When I asked para-athlete and adventure seeker, Jeremy P. McGhee, what he finds strength in, emotionally and physically, he answered me with the question, “How uncomfortable are you willing to get?”
At 25 years old, Jeremy was on his motorcycle running errands in his neighborhood. He was two blocks away from home when a car made a left turn in front of him, a turn that would change his life forever. To this day, he has flashbacks to the moment when all he could see was the car’s side mirror in his face. He has vivid memories of laying on the asphalt, which felt so warm and inviting. Having been a lifeguard at the time, instinct kicked in and Jeremy began to assess his injuries. He knew his back was probably broken when he could not remove himself from the pavement, and knew he was bleeding out as his face and hands quickly began to go cold. Luckily for Jeremy, a team of paramedics was having lunch across the street. They rushed to Jeremy’s rescue and within 20 minutes he was in surgery to save his life. Jeremy sustained broken ribs, a broken pelvis, punctured lungs and a broken back, but the most life-threatening injury was that he was bleeding out from a tear to his perineum or, as Jeremy likes to call it, his choad.
During his time in the hospital Jeremy would ride waves of emotion, many times held under in the darkness. With each wave that he rode it as if the storm began to calm and he started to settle into his new reality. It was during this time that Jeremy decided to take what he called a, “Practical approach at life and continue to choose living, because the alternative sucks!” He paddled out into the unknown ready to be barreled or pounded by the new swell that had just rolled in: his new life’s journey as a paraplegic...
Two years after paraplegic skier, Jeremy McGhee, climbs Bloody Mountain he talks about the expedition.
Jeremy McGhee’s goggles were fogged, his left arm was cramped up, and his body was drenched in sweat. It took every bit of the 38-year-old’s strength and determination to pull his body up to the summit of Bloody Mountain, a 12,544-foot peak in California’s Eastern Sierra Nevada range.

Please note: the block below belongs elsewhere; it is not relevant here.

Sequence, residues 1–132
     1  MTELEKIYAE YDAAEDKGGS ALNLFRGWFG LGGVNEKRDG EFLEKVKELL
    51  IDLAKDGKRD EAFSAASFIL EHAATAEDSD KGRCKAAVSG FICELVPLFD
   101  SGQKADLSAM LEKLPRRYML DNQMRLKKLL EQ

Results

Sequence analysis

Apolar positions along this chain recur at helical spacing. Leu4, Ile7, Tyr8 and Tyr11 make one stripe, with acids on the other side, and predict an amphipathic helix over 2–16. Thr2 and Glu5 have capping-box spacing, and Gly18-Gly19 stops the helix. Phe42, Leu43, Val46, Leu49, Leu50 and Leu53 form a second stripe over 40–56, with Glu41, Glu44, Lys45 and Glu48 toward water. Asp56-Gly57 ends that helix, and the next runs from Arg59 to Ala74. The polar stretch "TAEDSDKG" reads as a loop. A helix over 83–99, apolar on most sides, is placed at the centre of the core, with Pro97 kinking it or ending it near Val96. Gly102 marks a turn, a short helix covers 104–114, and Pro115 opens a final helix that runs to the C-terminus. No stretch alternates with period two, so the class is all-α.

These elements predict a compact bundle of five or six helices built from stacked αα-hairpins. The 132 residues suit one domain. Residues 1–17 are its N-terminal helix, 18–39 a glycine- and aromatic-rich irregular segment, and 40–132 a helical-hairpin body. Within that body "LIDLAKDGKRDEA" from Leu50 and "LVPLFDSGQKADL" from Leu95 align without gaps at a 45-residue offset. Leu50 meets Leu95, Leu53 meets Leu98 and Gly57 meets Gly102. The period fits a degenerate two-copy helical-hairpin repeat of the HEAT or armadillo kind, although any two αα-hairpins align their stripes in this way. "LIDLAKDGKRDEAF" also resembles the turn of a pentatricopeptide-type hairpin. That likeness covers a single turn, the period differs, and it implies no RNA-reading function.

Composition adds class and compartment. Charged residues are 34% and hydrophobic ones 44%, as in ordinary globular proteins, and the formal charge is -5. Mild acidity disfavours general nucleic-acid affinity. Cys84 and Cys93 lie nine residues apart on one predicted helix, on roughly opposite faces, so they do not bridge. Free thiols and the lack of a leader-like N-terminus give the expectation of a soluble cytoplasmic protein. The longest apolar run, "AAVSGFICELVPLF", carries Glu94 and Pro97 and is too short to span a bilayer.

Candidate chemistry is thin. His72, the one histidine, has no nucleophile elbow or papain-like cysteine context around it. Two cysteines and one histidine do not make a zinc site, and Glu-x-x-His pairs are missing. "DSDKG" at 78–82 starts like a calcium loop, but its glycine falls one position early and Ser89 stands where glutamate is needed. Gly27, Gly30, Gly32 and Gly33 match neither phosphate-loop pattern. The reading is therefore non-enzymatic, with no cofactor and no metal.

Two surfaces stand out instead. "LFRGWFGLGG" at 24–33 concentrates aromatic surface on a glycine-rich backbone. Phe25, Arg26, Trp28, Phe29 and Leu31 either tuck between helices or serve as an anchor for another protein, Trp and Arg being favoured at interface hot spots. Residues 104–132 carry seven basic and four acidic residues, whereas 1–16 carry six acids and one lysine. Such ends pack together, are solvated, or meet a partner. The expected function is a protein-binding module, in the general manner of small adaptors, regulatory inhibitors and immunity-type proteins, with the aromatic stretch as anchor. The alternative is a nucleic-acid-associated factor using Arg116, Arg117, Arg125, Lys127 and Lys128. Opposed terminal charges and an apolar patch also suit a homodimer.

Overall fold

“We all have our list of things we want to do,” McGhee says. “If those things are worth a damn, they are going to be difficult they are going to be painful—achieving those things on our list is directly tied to how uncomfortable we are willing to get.”
It was early June in a low snow year. The plan was to ski Bloody Couloir, a 55-degree slope that is considered a rite of passage for only the most advanced backcountry skiers and snowboarders in the region. The fact that McGhee is paralyzed from the waist down substantially added to the degree of difficulty. It took years of dreaming, months of planning, a support team, and more than 1,000 pull-ups get to the summit.
McGhee laid face down on a plastic sled while using ropes and pulleys placed by a supporting team of climbers to pull himself up the couloir. A friend carried his sit ski up the ridge; his wheelchair waited for him in the car...
by Leonie Sherman
In many ways Jeremy McGhee is your standard California surf-ski bum. He’s got sun-streaked tousled hair and an infectious grin. He lives in a converted garage on the beach at Cardiff-by-the- Sea, where he surfs four times a week. Two years ago he completed an epic ski descent of Bloody Couloir that he’s still grinning about.
But Jeremy McGhee can’t walk. When he surfs he has to drag himself across the sand and he sits on top of his board. When he skis it’s in a modified wheelchair called a sitski.
Twelve years ago a car plowed into the motorcycle he was riding. His journey from stoked 25-year-old kid to stoked 37-year-old man is the story of how the most brutal tragedy can become an opportunity. But it’s mostly the tale of two brothers and how love conquers all...